The big A

Matt of the Daily Telegraph cartoons a demonstration of elderly people. They chant: “What do we want? Why did we come here? What were we saying?” I giggle, but then I flinch a little. We have often spoken of the Big C as a euphemism for cancer, but the Big A, for Alzheimer’s, is in some ways even more threatening. It is surrounded by question marks: we do not know for sure what causes it, we do not know how to diagnose it, we do not know who is going to get it, we do not know how to cure it, we do not know how to prevent it.

The threat affects everyone. I am not only thinking of the sufferers but of those who have spouses, parents and other relatives who may become sufferers. They are faced with a loved one whose memory, so central to identity, gradually deteriorates so that they may not even recognise their marriage partner of half a century.

Although “early onset” Alzheimer’s can affect people in their 40s, it becomes more prevalent with age. Around half of those who reach 85 (men and women equally) will have dementia, and in 30 per cent of cases it will take the form of Alzheimer’s. In this country experts predict that 1.4 million people will have dementia within a generation, causing a crisis in the NHS. They deplore the lack of research funds which are badly needed.

We must be grateful to the scientists. As an indication, my very selective records show 17 studies published within the last month. Numerous different approaches are being investigated and although some of these show the possibility of future progress, just as many turn out to be dead ends.

Diagnosis of the early stages of Alzheimer’s is difficult and it is hard to distinguish it from vascular dementia – which requires different treatment. But there is general agreement that early treatment to avoid or at least retard progress of the disease is one way forward. But much work needs to be done to establish what the best form of treatment may be; there are many unproven candidates. Even the brain changes observable in post-mortem biopsies of sufferers are not certainly the mechanism of Alzheimer’s; they may be the result of the disease rather than the cause. Some people who have similar changes, as the recent use of brain scanning techniques are now able to show, do not suffer from Alzheimer’s.

Alzheimer’s is no respecter of intelligence. To take one example, Iris Murdoch, the brilliant novelist and philosopher, had Alzheimer’s. None of us can afford to pass by on the other side, for any of us may be pulled across the road at some future point. And some readers of this column undoubtedly will be.

There is some evidence, though far from a guarantee, that maintaining an active mental life, and good social contacts, can be helpful. I am in my mid-70s, and it may well be that writing this column, my large family and the philosophy discussion group which I lead are helping me. Not everyone will be so fortunate.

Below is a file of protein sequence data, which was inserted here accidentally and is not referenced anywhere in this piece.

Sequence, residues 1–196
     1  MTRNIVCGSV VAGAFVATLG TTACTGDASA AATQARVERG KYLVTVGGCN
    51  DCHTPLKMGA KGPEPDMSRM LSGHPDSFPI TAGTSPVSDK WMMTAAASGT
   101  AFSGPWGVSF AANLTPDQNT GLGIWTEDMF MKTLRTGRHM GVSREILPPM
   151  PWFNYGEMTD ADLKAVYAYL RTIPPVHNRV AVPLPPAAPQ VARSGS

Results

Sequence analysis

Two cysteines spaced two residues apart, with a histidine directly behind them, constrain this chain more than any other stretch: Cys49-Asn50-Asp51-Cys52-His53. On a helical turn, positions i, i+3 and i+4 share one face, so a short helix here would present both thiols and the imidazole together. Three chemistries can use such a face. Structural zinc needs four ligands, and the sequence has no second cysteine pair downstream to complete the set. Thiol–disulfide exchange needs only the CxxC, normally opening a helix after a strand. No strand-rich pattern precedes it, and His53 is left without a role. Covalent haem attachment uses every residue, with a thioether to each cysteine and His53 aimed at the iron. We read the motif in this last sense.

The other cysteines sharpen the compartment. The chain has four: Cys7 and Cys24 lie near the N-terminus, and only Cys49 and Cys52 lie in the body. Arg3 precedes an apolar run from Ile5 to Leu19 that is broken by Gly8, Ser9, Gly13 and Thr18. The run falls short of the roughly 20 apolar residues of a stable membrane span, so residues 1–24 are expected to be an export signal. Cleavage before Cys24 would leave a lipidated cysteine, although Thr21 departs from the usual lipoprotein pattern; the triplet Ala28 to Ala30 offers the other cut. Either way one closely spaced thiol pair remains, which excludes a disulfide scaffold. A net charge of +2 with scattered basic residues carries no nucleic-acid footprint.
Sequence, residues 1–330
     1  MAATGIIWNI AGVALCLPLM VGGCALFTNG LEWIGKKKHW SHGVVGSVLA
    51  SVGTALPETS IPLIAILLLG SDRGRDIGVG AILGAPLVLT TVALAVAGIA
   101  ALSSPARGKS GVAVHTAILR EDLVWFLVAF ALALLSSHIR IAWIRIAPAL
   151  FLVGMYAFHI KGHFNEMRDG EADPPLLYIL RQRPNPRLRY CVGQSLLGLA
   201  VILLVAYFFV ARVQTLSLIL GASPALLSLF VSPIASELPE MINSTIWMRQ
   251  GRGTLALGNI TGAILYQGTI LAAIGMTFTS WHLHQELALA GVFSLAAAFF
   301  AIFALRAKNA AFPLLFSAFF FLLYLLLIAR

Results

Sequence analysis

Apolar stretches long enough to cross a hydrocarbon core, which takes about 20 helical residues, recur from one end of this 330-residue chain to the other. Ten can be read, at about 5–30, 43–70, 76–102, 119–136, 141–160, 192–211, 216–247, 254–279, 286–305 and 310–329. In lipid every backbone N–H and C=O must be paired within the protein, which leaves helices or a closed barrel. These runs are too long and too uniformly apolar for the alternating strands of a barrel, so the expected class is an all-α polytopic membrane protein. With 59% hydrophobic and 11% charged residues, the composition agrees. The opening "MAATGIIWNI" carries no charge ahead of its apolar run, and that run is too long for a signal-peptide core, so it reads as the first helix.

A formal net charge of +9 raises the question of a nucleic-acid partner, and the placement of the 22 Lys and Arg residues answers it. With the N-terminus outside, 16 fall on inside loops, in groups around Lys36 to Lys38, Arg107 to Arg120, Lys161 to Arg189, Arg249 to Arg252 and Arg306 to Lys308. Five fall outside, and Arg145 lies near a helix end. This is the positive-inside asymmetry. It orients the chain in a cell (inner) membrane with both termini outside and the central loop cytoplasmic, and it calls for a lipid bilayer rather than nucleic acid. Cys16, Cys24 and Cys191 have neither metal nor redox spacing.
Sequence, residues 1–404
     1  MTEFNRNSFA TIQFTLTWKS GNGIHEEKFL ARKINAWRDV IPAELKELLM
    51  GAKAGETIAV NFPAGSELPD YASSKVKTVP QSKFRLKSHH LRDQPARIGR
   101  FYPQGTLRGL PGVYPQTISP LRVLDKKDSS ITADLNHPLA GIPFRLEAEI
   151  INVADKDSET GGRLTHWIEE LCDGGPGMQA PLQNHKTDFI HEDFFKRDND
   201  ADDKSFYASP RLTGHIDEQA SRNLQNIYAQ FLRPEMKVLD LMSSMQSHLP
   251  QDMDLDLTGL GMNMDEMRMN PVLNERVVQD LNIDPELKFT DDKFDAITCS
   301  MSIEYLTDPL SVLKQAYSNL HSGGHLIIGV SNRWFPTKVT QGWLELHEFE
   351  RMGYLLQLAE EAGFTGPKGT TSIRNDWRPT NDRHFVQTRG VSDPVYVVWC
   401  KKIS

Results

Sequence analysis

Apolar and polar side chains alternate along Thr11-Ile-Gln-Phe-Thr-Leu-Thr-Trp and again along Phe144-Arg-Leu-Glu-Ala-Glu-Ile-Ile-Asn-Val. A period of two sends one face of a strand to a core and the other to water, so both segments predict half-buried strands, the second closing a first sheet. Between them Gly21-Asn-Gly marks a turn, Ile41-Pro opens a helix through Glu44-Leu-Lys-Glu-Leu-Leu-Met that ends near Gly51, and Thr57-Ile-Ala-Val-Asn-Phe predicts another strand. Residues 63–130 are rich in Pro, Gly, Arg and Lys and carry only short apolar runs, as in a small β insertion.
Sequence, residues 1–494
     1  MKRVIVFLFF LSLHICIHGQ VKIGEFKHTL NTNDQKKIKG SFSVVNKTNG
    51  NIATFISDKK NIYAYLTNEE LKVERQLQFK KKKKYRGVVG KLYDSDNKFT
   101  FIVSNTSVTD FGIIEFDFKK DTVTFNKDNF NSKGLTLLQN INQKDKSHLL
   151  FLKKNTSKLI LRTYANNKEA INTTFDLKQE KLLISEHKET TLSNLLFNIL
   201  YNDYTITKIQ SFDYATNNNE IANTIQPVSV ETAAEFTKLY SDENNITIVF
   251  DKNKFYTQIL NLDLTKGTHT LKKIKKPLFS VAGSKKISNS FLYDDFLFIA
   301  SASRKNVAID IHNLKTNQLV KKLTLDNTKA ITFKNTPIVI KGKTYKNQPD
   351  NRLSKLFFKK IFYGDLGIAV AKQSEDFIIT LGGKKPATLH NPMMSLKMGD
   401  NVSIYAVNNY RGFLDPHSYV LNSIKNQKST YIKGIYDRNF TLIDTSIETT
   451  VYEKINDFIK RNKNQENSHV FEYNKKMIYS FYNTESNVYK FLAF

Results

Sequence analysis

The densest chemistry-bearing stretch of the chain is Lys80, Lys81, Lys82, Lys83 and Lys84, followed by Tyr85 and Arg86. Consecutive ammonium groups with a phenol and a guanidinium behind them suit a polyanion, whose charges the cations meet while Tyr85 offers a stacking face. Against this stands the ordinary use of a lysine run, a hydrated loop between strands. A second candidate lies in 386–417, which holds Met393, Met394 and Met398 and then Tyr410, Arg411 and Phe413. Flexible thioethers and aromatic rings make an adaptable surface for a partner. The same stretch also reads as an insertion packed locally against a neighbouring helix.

There are some important issues for us to consider here. The first is that loss of memory is not loss of humanity. Just as the embryo is fully human although its human capacities are not yet formed, so the sufferer from advanced dementia retains humanity although their human capacities are deformed. I will not easily forget the night I spent with my father in my arms: he thought I was his mother – who had died when he was 12. As I wrote later in a poem: “His loose brain played the scales of time.” The privilege of doing that was his last gift to me.

But my father’s dementia was short-lived. I have a friend who, with his wife, looked after his mother-in-law in her Alzheimer’s for many years. Soon after she died his wife herself developed Alzheimer’s; he visits her every day, and fears that he may die before her, for he is in his 90s. Those visits are not a chore for him but a communion of their love, which only one them can express. Even on the lonely road to Calvary enough love can bring its joys.

It is experiences like this which bring home to us what honouring our father and mother, or promising to love through sickness and health may mean. But it extends beyond those with whom we have a familial connection. The figures tell us, with some certainty, that the proportion of those who will need care and loving in their old age will increase. Many of these will not have relatives to play their part – and the fashion for smaller families will make the instances more frequent. A recent study suggests that a close relationship between carer and patient can ameliorate early symptoms as effectively as the drugs known so far.

This will be a harsh test for our society of how we value the dignity of human life. It has already failed the test with regard to the unborn, and in the – often grotesque – experiments concerned with the beginnings of human life. But the question of care for the old is still on the public agenda. Perhaps it has a better chance because the politicians of the day will be among the sufferers of tomorrow. We must be ready to play a vigorous part in ensuring that society pays attention and that adequate research funds are available. Google the Alzheimer’s Research Trust and find out more.

*     *     *

Tell us about experiences you have had related to dementia and Alzheimer’s. Have they been a grace for you, or have they made you wonder about the goodness of God? How do you think our society will look on dementia as people live longer and the number of sufferers increases? You might want to bear in mind the current discussion on assisted suicide. A little bird tells me that the CH has a leading column on the subject this weekend.